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Monday, October 5, 2015

A post about a post

So happy The Homeschool Post published a guest post from me.
The Daily News from The Homeschool Post for 10/05/2015:

Tuesday, September 29, 2015

Insight that staggers me

I read this article by a wonderful man I met at RealmMakers, and I feel staggered.
My husband disagreed with the quote about Tolkien, but the rest, we had seen it without seeing it. I have a lot to think about now.

Sunday, September 13, 2015

On my husband's birthday

I'll go to the airport tomorrow to pick up my husband from his trip to Rwanda. In the meantime, I'm having a great time working on book TEN in the Tales of Talifar. I'm so far ahead of the inventor of the universe, Josh Foreman, (who is supposed to provide the covers and illustrations), that he may never catch up. I hope that 2016 is the year we start published the series.

Saturday, September 5, 2015

Pictures from Rwanda

My husband sent me these pictures from Rwanda this morning. I am so excited. We are a part of Lighthouse in Butare/Huye, and as such are helping this small business of growing mushrooms in a woman's cooperative that is increasing the income of the lowest strata of people in Rwanda. These brave women are now able to send their children to school and eat better. Thank you, Pastor David Nahayo.

Tuesday, August 18, 2015

A review of Somewhither by John C. Wright

I give this book five stars (on Amazon) only because I'm not allowed to give it ten stars. This book has everything. If you like adventure, you will like this book. If you like horror, you will like this book. If you like fantasy, if you like science fiction, you will like this book. If you like romance, there's even some of that around the 80% mark. There is Wizard of Oz. There is Star Trek. There is mythology, language, physics, theology, and magic. Think of a word, it's probably somewhere in the book. Well, maybe not everything. I don't remember any Aztecs. They'll likely be in the next book.

At any rate, what the book is mostly full of is love: love of goodness, family, home, Earth, freedom, and truth. The main character, Ilya, is so delightful that whenever he thought about his mother (whose disappearance turns out not to be from death) I would think about how I would love to add him to my already adorable set of sons. If you like Odd Thomas, you will like Ilya. Like Odd, Ilya does a lot of thinking, ranging from the mundane to the deep to the hilarious to the bizarre. I laughed a lot. I cringed a lot.

Even thought the novel is crammed with riches, it is not a blob or a mess. All the details are polished and pointed. What the book does not have is an ending. Now I have to wait for the next book. That's irritating in one way, and comforting in another. I will have another chance to read about Ilya.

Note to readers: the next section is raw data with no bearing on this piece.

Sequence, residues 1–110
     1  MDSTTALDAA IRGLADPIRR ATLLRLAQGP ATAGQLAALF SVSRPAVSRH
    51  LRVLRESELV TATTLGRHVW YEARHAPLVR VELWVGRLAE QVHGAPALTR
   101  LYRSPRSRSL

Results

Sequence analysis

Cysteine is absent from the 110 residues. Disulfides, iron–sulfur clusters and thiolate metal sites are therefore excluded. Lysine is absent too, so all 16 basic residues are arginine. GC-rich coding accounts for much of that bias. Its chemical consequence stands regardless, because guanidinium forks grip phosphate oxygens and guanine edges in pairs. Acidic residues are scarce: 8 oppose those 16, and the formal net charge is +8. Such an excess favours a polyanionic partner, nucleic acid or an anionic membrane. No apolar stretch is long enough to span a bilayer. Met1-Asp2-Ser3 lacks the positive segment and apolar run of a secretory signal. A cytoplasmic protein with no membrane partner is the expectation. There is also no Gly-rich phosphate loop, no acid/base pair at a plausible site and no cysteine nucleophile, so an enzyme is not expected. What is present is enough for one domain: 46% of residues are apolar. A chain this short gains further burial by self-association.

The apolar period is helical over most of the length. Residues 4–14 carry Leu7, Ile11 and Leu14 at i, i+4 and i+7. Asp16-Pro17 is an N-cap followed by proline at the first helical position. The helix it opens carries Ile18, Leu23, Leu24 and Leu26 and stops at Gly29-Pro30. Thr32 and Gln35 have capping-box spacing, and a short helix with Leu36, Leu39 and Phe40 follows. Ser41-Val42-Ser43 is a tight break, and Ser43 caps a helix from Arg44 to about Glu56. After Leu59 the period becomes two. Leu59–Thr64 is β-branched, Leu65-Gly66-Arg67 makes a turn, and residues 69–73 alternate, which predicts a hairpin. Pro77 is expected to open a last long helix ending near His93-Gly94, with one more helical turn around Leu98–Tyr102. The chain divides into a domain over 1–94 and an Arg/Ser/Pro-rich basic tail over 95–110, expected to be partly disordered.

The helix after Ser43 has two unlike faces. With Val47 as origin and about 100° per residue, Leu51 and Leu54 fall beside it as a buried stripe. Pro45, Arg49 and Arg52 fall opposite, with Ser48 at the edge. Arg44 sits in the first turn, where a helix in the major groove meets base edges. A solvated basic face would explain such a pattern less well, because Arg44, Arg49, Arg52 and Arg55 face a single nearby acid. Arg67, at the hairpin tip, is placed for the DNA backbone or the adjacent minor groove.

Thursday, August 13, 2015

a review of Shatterworld, by Denise Ellyson

:Shatterworld is a YA, Faith based, Sci-fi which was a great read outside my normal taste. I’ve not read a lot of YA but I enjoyed it. It was a cross between the 100 TV show and Divergent the movie with a pinch of Exodus. I loved the story of a twelve year old straining at trying to be what her family needs and what she desires. The Faith cult that pushes her to fit into their mold and the way she see God work in her to help save their colony. This is a great faith based read without being preachy. I didn’t feel like the beliefs expressed were to initiate me but to show where the internal struggles came from. I really enjoyed it. If I had any critics its that I want to know more.

Sunday, August 2, 2015

Review of Amish Zombies From Space by Kerry Nietz

Kerry Nietz did it again. He took a horror trope and turned in into a science fiction premise that works while simultaneously talking about how people cope with change, community, and family. I did not get the book for free, I paid full price and feel like I got a good deal. In some ways, this is not great literature, in that the writing is not lyrical by any means, which a five star book must usually have for me to rate it so highly, but the story-telling is clear and intelligent. I would have preferred more technical details of how this all works, but Nietz wisely neglected to write a manual to please me, and chose to tell a rollicking tale that at the end made me cry and will please everybody who likes stories of endurance, family, and the big questions of life. I can't look at the cover because it's so icky, but I have grown to trust the author despite his choice of shlocky titles and the occasional unsettling art. This book can be easily read as a stand-alone, though reading the previous Amish Vampires from Space will surely help. There is an indication at the end that there be a sequel to AZfS, and if there is I will buy it. I just hope I won't take so long to get around to it, as I did this, because, you know, zombies, yuck. If you haven't read any of his previous books, such as A Star Curiously Singing, I would like to recommend his other books as well. Do yourself a favor and read at least samples of his novels and see if you would like to go for his rides.